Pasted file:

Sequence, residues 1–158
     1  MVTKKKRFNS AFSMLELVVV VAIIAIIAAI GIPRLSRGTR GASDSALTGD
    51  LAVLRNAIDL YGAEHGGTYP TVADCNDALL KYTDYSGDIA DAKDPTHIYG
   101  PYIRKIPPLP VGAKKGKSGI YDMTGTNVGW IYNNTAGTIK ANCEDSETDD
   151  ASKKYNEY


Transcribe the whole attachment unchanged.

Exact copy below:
Sequence, residues 1–158
     1  MVTKKKRFNS AFSMLELVVV VAIIAIIAAI GIPRLSRGTR GASDSALTGD
    51  LAVLRNAIDL YGAEHGGTYP TVADCNDALL KYTDYSGDIA DAKDPTHIYG
   101  PYIRKIPPLP VGAKKGKSGI YDMTGTNVGW IYNNTAGTIK ANCEDSETDD
   151  ASKKYNEY